Most professionals who’ve spent enough time in the IT industry have seen organizational silos in action. The classic silos are the ones created by Development and Operations organizations; silos we aim to break down through DevOps-style collaboration. But how many organizations pursuing digital transformation are continuing that siloed thinking when it comes to evaluating the application portfolio for cloud migration and modernization?
Application Development, Database Operations, Infrastructure, and the various lines of business have portions of the application portfolio for which they take responsibility. When organizations think about modernization, they need to deemphasize the silos and develop a comprehensive approach that evaluates the entire portfolio, and the teams that support those applications. Otherwise, they’re leaving money on the table in the form of missed opportunities for cost savings and application improvements that generate revenue and increase customer engagement.
A comprehensive approach takes into account the full range of workloads supported by the IT organization and starts making tough decisions about: which workloads can/should be modernized, which should be rehosted to take advantage of more efficient cloud platforms, and which should be left as is or even retired because they’re outlived their usefulness.
My team works with many organizations that treat Kubernetes/OpenShift container platform adoption as an infrastructure modernization project. We recommend using the current wave of Kubernetes adoption as an opportunity to broaden the discussion, build bridges between Ops and Dev, and develop an approach that evaluates all application migration pathways, including ones that may not necessarily result in containerization.
So how does an organization work through an application portfolio assessment efficiently and holistically?
One way to approach this project is through a three-step process that looks like the following:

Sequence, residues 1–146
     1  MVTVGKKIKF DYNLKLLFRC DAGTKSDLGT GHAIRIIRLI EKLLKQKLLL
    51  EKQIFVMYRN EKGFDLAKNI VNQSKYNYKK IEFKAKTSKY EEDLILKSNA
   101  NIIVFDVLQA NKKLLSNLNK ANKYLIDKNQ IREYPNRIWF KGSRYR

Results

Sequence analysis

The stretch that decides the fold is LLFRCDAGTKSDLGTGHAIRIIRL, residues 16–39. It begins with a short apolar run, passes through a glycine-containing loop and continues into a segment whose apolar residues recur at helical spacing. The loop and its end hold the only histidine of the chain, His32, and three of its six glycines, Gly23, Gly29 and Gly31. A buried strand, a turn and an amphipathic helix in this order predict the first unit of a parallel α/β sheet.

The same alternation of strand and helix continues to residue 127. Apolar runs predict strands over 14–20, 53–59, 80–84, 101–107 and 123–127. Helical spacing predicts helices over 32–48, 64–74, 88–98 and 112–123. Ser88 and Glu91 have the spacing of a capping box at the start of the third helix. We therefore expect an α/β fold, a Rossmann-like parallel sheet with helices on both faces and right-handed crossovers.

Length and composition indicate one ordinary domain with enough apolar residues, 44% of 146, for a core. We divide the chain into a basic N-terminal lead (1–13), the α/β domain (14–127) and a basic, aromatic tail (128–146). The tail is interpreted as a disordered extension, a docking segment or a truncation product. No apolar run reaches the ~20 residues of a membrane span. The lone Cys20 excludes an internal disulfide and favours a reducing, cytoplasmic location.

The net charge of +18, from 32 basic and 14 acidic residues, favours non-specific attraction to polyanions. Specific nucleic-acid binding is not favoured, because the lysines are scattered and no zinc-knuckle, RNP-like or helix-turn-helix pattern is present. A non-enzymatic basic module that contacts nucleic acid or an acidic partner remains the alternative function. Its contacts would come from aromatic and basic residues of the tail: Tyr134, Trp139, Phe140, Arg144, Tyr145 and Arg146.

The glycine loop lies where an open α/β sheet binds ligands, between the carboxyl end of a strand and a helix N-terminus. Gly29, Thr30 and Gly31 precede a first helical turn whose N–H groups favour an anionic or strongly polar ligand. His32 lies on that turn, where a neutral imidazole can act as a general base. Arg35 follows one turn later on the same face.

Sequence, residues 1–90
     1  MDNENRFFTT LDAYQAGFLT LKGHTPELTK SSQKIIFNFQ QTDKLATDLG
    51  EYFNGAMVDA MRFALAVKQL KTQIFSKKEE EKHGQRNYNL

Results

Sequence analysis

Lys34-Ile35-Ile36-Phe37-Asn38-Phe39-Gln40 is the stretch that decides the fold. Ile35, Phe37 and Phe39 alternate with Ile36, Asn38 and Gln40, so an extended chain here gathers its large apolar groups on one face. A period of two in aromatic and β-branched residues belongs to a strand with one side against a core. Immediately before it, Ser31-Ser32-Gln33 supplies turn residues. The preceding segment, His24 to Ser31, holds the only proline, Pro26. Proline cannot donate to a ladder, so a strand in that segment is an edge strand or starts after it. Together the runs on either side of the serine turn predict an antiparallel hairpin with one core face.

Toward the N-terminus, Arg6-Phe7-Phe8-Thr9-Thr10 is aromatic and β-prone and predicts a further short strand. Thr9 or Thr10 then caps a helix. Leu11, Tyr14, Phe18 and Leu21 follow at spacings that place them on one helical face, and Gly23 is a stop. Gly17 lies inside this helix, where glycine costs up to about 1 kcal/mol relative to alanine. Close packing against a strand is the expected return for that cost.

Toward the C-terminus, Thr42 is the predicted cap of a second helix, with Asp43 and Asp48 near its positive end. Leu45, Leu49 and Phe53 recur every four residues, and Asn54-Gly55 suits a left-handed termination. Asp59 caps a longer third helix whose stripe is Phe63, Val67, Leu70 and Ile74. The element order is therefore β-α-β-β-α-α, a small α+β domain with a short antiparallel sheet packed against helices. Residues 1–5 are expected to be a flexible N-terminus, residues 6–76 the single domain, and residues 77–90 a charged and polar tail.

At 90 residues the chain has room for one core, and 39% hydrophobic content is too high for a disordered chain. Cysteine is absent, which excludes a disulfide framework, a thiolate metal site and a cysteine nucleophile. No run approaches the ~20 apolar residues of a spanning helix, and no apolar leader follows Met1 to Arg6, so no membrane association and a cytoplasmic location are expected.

- Filter the Portfolio/Teams
- Identify and Select Archetypes and Teams
- Analyze and Prioritize Individual Applications and Teams
Step 1. Filter the Portfolio/Teams
Start with a configuration management database or application index and assemble your candidate application population. Ideally, this index also has some information about the team responsible for operating, maintaining, and developing the applications. This might include the responsible group, project manager, primary technical team lead, and number of operators and developers.
At this point, it’s important to apply a filter to the application/team inventory, setting aside workload/team types that are not good initial candidates for onboarding to container platforms.
Kubernetes has to-date largely focused on orchestration inside Linux host clusters. Workloads that target other operating systems, especially mainframe and enterprise desktop, don’t make good candidates for initial onboarding activity today. This story may change to the extent that Microsoft containers and Windows hosts become more integrated into the Kubernetes ecosystem and its operational practices.
Because container platform workflows accelerate software development and deployment practices, the largest ROI opportunities are with workloads whose source code you maintain and control. These are the workloads for which accelerated deployment frequency can improve software quality and foster innovation and value creation. This should also include net-new development, including modernization efforts that involve rewriting legacy mainframe workloads as container-native applications. Infrequently re-deployed commercial off-the-shelf databases and other enterprise products may not be the right workloads to start with, especially if they weren’t designed to take advantage of distributed, elastic cloud environments.
Put all of these considerations together and you wind up with a preliminary filtering guide that looks something like the following:
Step 2. Identify and Select Archetypes and Teams